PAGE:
Rappers have taught us a lot over the years. Like when it gets hot inside the club, by all means, take off all your clothes. Or that if you start making good money, get ready for a significant increase in problems. More than anything, rappers teach us how to get tipsy in the most luxurious way. (Well, except for Lil Wayne, whose penchant for cough syrup and soda may have led to an increase in Robitussin sales and calls to poison control.)
Mark Scialdone is hoping to break into that world of glamorous alcohol consumption with the creation of Cartel Tequila, a thrice-distilled tequila made from 100-percent blue agave that has flecks of gold or silver in its intoxicating waters.
"It's the ultimate baller drink," says Scialdone, a former venture capitalist who decided to take a shot at the tequila industry after buying the patent for suspending objects in drinks.* "It needs to be in rap songs and videos. Luckily, a lot of words rhyme with 'cartel.'"
Unlike those in Goldschlager-that other alcohol that has gold flecks on its list of ingredients-Cartel's fine metals float instead of sinking to the bottom of the glass, which, if you ask Scialdone, makes his drink infinitely more fabulous.
Scialdone believes Cartel Tequila fills a void in the upscale drink world because it has "allure" and "sexiness." Sure, you can order a bottle of Cristal and look pretty pimp, but there's nothing quite like actual gold to get the gold diggers in a tizzy.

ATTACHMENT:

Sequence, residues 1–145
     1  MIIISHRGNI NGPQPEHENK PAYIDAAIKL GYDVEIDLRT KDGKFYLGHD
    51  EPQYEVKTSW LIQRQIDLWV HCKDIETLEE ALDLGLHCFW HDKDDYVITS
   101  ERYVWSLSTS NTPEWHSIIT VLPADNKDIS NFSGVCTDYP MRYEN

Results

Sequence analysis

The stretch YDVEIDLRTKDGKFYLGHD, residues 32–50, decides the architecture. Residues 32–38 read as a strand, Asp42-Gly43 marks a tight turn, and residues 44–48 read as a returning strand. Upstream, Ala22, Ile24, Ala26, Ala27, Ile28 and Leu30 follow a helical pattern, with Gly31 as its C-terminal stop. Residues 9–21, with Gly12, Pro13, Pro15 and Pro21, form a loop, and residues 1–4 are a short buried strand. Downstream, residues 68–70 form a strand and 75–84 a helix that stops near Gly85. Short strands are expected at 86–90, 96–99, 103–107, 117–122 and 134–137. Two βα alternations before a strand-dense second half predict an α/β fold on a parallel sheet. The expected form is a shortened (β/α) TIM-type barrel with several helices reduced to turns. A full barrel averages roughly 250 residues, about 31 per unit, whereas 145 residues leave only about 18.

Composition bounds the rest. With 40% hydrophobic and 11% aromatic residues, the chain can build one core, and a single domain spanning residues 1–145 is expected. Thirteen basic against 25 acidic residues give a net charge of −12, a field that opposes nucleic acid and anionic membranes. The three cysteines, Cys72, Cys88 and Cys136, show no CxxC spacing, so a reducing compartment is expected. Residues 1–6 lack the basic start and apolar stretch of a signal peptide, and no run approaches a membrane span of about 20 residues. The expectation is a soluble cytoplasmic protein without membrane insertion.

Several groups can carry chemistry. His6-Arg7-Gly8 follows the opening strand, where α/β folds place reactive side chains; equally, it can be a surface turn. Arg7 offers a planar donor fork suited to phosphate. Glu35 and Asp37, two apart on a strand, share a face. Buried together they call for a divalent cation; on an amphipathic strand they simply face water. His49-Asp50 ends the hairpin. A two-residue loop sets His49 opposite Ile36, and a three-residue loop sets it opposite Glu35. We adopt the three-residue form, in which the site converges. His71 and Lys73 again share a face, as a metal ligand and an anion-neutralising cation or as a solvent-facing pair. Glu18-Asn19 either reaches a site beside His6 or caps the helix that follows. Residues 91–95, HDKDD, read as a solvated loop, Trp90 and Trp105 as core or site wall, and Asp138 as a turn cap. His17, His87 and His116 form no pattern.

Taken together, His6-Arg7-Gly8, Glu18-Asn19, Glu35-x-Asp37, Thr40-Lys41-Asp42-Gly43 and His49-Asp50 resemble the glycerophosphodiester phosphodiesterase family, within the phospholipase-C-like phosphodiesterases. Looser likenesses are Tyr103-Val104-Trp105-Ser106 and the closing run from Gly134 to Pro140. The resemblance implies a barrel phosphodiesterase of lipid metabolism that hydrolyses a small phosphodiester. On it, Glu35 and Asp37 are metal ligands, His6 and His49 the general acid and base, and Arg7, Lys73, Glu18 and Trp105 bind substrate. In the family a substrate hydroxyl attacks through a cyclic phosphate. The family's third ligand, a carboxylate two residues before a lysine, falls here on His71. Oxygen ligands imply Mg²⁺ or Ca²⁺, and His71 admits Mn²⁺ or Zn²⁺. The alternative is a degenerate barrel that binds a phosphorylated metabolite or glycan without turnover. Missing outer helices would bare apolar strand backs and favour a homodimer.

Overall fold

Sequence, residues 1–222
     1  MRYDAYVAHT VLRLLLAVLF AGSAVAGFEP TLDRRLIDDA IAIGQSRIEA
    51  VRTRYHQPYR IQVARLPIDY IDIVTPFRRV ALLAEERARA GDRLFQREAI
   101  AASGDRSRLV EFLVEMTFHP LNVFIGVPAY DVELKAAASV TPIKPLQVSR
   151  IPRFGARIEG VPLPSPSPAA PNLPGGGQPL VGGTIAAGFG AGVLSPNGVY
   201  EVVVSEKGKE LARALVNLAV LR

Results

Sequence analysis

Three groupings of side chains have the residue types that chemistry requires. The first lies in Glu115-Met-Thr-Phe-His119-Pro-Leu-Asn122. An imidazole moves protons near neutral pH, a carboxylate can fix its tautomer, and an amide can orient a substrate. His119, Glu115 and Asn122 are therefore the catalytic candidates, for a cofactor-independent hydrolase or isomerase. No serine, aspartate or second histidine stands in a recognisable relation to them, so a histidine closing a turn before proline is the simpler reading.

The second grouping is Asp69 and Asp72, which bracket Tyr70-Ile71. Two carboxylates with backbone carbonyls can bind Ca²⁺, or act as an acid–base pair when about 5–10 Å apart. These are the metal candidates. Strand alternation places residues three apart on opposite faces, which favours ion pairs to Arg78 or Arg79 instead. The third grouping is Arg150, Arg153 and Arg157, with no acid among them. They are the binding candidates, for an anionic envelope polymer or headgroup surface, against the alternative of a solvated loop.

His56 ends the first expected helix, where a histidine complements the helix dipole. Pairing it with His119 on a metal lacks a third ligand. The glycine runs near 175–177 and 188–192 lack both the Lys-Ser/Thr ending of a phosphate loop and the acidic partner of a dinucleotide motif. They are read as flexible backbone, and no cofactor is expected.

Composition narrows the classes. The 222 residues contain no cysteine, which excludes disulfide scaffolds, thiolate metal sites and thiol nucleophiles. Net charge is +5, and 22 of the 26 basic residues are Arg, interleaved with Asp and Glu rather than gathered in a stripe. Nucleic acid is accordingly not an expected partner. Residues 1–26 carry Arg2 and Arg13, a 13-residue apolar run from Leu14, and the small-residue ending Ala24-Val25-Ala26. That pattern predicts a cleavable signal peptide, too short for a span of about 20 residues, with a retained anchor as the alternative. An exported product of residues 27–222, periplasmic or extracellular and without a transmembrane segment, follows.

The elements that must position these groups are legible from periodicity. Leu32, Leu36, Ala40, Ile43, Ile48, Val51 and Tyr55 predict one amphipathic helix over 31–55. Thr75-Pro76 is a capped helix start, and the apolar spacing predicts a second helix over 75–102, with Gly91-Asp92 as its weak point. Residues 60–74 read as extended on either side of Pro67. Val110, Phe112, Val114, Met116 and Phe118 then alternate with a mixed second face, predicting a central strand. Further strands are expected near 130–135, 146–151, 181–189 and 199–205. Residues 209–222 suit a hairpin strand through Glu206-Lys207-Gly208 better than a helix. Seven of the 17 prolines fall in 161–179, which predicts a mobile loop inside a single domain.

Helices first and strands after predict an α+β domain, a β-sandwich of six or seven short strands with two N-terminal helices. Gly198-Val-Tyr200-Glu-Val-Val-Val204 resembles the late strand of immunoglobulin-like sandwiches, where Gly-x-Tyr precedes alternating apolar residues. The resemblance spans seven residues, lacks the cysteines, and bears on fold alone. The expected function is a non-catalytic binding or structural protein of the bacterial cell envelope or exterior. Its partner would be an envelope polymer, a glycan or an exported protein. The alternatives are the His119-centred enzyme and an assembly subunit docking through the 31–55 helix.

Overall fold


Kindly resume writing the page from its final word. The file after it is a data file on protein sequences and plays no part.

"There hasn't been a new luxury tequila since Patrón. Nothing else has that status and image," says Scialdone. "With a name like Cartel, we definitely keep it gangsta. And with its look, people are going to say 'What is that?' That's what we want. It's cool to order and cool to drink."
Scialdone is planning to launch Cartel Tequila at liquor stores, bars and clubs in Florida and California within the next few months. (Retail price: $59 a bottle.) He's already secured reggaeton sensation Daddy Yankee's endorsement and thinks other Latino stars will love the drink since it appeals to their high-end lifestyle and culture.
If not, Scialdone wants to remind everyone of one little-known factoid.
"Did you know the hairstylist Paul Mitchell owns Patrón?" he says. "I mean, do you really want a hairstylist making your tequila?"